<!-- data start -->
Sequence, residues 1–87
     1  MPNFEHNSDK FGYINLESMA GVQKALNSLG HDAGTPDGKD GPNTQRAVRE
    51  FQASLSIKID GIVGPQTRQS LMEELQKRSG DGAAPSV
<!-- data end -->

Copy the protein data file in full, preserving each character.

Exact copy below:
Sequence, residues 1–87
     1  MPNFEHNSDK FGYINLESMA GVQKALNSLG HDAGTPDGKD GPNTQRAVRE
    51  FQASLSIKID GIVGPQTRQS LMEELQKRSG DGAAPSV